The Erie County Department of Health (ECDOH) will end property transfer inspections on January 12, 2024. Please contact us with questions at (716) 961-6800.
Beginning April 1, 2023, the ECDOH is changing from a waiver to a variance process. Any waiver received after April 1, 2023 will be returned with the check.
Article IV Section 12 of the Erie County Sanitary Code requires that a Property Transfer Certification be issued by the Erie County Department of Health (ECDOH) prior to any transfer of title involving a property serviced by an onsite wastewater treatment (septic) system and/or an individual water supply (private well). This includes both residential and commercial properties that are intended for human occupancy. The purpose of the property transfer inspection is to ensure that the onsite wastewater treatment system is not discharging sewage to the ground surface. Sewage to the ground surface creates a public health and environmental hazard by introducing viruses and bacteria into the environment allowing for the potential to spread disease to humans and animals.
Around the time that a property is intended to transfer owners, the seller must submit the application and required fee for a property transfer inspection.
- If the property is served by an onsite wastewater treatment system, but has public water, then the fee is $300.
- For a property served by an onsite wastewater treatment system, and a private drinking water well, the fee is $496.
- An outside professional engineer may be hired to complete the property transfer inspection. If a professional engineer is used, then the application must be submitted along with the ECDOH Property Transfer by Design Professional forms and the required $150 application fee. You may find this list of engineers helpful.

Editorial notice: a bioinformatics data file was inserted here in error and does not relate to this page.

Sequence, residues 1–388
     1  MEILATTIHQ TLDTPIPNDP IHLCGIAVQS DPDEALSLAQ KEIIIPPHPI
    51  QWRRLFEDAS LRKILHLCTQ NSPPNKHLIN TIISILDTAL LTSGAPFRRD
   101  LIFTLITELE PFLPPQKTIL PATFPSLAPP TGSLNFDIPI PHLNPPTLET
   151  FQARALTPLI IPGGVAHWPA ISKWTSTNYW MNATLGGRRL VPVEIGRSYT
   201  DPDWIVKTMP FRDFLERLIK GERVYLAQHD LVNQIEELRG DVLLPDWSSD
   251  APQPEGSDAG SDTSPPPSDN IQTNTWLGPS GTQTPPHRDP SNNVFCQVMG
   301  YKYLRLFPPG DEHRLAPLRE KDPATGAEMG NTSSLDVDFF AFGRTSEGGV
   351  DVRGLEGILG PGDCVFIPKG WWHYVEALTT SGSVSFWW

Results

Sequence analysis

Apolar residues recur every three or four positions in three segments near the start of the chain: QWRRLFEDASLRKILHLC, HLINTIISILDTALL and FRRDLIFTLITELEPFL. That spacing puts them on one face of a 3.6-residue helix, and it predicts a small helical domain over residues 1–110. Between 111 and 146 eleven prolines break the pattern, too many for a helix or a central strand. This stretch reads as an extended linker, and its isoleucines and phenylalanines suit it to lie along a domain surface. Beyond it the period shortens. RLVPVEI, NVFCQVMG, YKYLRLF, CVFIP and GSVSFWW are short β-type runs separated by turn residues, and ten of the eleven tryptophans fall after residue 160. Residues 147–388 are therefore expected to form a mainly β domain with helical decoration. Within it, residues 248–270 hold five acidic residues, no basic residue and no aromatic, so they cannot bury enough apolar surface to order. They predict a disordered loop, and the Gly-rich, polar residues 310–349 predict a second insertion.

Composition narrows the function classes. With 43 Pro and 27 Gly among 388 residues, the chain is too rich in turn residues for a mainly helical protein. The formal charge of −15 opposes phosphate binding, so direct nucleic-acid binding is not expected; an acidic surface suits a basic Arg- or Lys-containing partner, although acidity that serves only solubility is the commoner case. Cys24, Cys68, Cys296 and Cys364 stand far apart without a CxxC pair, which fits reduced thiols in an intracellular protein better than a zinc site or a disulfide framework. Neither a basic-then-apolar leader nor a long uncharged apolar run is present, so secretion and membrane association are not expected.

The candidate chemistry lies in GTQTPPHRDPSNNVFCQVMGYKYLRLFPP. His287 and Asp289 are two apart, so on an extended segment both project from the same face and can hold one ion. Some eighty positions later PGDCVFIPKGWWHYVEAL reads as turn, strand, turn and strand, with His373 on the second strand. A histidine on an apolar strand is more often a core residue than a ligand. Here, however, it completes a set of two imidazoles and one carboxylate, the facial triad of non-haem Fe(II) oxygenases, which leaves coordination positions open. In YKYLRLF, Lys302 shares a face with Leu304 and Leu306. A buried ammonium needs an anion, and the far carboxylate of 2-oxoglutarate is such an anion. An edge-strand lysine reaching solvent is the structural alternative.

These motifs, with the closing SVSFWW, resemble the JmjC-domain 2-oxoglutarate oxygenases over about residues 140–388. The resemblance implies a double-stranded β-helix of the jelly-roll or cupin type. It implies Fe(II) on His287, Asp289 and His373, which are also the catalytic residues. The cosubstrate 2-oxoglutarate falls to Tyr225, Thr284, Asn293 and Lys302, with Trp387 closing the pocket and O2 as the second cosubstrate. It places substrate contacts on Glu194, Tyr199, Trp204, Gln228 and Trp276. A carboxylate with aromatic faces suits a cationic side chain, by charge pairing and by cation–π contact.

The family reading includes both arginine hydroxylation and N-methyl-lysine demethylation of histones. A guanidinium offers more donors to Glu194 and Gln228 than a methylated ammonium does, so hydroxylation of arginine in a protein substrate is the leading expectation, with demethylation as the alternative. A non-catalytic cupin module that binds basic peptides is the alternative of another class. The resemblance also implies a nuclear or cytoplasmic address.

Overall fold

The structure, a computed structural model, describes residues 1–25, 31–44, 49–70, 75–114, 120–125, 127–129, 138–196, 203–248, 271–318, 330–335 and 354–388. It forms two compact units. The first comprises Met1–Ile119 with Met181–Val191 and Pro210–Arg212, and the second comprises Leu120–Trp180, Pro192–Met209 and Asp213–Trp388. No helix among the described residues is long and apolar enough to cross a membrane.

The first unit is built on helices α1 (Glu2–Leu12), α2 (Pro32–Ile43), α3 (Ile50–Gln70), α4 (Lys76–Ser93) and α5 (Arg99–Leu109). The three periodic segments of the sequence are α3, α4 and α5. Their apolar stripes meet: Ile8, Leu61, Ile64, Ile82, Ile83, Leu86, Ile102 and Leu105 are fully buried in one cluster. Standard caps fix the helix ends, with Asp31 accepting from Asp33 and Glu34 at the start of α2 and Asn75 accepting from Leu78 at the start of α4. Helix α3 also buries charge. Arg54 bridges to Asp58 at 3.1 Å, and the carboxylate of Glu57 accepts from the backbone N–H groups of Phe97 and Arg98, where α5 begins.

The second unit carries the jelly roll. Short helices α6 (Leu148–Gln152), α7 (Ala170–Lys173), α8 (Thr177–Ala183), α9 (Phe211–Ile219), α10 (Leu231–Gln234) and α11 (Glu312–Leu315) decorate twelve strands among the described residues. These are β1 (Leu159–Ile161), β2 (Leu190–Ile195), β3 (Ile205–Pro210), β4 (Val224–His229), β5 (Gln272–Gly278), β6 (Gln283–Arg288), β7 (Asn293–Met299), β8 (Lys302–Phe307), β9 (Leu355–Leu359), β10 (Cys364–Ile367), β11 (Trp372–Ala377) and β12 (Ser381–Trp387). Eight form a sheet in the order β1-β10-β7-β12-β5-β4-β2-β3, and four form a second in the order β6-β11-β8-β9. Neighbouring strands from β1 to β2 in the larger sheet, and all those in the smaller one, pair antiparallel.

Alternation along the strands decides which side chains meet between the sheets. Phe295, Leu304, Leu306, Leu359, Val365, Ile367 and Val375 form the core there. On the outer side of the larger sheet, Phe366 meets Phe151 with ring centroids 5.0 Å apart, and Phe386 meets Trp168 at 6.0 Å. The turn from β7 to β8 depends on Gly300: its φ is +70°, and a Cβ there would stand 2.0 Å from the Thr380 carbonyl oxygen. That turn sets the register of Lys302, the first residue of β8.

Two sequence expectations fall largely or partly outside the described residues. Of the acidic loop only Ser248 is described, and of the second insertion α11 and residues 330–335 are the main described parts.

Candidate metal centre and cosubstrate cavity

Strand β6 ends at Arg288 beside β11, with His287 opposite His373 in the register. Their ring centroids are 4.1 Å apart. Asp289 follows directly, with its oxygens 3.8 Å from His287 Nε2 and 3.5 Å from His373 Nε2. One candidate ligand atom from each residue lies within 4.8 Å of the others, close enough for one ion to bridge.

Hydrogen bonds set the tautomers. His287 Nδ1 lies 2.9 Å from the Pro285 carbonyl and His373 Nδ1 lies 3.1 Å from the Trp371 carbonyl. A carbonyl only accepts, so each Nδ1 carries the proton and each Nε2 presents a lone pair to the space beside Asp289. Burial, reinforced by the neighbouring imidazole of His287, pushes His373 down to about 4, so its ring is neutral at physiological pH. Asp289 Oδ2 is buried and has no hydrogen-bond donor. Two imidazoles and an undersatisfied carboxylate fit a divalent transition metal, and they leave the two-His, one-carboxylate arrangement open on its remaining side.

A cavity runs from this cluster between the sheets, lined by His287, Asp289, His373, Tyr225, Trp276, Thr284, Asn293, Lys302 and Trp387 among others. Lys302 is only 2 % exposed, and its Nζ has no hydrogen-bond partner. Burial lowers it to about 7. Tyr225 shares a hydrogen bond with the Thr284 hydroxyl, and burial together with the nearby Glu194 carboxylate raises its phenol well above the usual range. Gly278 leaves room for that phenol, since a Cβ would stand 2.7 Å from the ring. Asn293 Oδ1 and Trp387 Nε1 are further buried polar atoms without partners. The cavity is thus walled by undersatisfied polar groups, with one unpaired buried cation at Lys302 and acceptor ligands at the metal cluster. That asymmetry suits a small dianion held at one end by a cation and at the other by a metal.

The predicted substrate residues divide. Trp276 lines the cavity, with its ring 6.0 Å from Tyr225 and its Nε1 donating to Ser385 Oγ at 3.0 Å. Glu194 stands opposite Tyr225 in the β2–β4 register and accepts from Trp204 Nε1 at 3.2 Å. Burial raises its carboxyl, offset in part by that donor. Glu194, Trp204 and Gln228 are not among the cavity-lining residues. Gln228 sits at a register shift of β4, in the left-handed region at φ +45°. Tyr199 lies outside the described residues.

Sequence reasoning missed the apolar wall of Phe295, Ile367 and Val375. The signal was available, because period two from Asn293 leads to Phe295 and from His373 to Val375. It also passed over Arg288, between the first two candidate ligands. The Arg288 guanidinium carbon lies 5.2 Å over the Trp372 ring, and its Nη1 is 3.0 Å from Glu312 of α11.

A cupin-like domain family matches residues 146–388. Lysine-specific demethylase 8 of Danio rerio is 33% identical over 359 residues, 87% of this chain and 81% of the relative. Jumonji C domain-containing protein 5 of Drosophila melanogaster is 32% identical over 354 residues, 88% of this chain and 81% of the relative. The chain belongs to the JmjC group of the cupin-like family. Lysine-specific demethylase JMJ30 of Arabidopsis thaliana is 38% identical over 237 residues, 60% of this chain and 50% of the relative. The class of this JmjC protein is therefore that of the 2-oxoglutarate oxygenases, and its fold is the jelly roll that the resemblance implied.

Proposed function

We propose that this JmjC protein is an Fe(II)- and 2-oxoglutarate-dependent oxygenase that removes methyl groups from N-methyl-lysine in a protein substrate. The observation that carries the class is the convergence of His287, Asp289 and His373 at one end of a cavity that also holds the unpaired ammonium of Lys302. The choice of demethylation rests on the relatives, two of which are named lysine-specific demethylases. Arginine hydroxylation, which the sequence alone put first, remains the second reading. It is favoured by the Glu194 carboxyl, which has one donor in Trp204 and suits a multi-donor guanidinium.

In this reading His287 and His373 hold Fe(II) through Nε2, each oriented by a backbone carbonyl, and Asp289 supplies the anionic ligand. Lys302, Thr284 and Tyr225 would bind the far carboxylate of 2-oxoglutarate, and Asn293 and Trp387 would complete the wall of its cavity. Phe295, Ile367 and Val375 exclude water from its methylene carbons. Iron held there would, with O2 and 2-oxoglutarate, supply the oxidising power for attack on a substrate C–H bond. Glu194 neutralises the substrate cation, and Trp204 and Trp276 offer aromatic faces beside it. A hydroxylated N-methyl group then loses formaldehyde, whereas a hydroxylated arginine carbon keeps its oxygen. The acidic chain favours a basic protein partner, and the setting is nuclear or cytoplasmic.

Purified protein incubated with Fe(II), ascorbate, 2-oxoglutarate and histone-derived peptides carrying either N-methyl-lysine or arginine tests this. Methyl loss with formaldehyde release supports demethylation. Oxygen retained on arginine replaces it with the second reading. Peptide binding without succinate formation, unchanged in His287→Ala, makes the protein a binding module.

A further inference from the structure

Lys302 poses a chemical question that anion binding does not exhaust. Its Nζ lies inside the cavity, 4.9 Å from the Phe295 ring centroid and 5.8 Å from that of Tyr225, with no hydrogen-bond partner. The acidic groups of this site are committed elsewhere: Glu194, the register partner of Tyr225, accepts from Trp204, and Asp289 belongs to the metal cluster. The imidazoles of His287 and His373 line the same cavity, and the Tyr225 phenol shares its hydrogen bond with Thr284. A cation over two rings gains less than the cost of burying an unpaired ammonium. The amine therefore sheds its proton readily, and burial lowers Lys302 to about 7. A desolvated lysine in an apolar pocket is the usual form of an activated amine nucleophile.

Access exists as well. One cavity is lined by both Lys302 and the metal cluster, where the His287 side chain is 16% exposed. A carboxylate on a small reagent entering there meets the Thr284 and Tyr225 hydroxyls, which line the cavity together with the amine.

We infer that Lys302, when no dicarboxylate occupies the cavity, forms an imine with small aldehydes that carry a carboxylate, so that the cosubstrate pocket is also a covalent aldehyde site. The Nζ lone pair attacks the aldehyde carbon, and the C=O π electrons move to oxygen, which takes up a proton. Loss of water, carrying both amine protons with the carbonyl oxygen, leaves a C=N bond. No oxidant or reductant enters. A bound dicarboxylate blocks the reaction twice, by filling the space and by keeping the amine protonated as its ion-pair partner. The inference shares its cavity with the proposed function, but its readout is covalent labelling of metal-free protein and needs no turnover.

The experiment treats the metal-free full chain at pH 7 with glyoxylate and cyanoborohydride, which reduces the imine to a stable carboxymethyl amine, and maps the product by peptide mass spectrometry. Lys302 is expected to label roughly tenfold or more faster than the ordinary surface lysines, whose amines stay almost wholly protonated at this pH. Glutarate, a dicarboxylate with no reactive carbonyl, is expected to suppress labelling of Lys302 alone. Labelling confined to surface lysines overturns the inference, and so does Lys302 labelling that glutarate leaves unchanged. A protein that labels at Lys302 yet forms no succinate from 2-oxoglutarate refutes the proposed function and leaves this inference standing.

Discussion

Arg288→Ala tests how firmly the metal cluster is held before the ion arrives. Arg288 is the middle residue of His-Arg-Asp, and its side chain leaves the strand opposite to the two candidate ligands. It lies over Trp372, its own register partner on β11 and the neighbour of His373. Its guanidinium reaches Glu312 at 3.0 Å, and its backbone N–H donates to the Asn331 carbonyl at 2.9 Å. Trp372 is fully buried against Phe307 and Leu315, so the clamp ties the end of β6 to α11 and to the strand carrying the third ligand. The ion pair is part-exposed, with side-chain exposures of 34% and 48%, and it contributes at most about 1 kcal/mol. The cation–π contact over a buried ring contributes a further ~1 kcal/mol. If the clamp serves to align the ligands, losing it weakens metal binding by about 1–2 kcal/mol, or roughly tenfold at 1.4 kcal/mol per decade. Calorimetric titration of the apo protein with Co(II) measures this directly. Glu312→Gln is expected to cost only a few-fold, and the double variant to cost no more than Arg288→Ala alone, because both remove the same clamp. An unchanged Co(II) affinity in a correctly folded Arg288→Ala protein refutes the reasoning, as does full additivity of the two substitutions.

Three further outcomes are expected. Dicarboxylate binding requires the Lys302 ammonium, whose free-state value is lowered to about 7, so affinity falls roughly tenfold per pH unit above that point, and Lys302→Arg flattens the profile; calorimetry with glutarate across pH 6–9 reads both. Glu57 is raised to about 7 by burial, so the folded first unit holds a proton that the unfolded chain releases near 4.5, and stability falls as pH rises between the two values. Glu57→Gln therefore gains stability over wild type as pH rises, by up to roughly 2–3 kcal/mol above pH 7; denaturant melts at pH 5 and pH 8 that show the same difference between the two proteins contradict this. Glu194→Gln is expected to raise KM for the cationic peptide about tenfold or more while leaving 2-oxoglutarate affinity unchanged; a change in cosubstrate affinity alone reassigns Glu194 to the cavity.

The ECDOH “Septic System Test Affidavit, Terms and Conditions” (found in the property transfer application) must be completed by the property owner and submitted with the property transfer application. The affidavit is a signed statement by the property owner that indicates the general status of the existing onsite wastewater treatment system, the date the septic tank was last pumped and that no deviations have been or will be made to the onsite wastewater treatment system that would impact the inspection/test results. The affidavit must be completed and signed by the property owner. A property transfer inspection will not be scheduled until a completed form is received.
One week after you have submitted your application and all of the required paperwork, please call our department at (716) 961-6800. We will transfer you to the appropriate inspector to discuss your property and schedule an appointment. To determine the status of your Property Transfer Certification inspection, you may call our office at (716) 961-6800 and ask for the sanitarian responsible for the town in which the property is located
Please note, our inspectors devote most of their workday to the field, therefore you will likely not speak to someone the day you call and will need to leave a message. Our inspectors will return your call as soon as possible.
Once the property transfer inspection has been completed, we will e-mail a copy of the outcome paperwork to all parties that have provided an e-mail address on the application. We will not be mailing hard copies or faxing copies of these documents. If you need a hard copy of the paperwork, you may request one by calling our office at (716) 961-6800 after the property transfer inspection has been completed.
- Property Transfer Application
- Property Transfer Variance Application
- Property Transfer by Design Professionals
- Letter to Attorneys and Realtors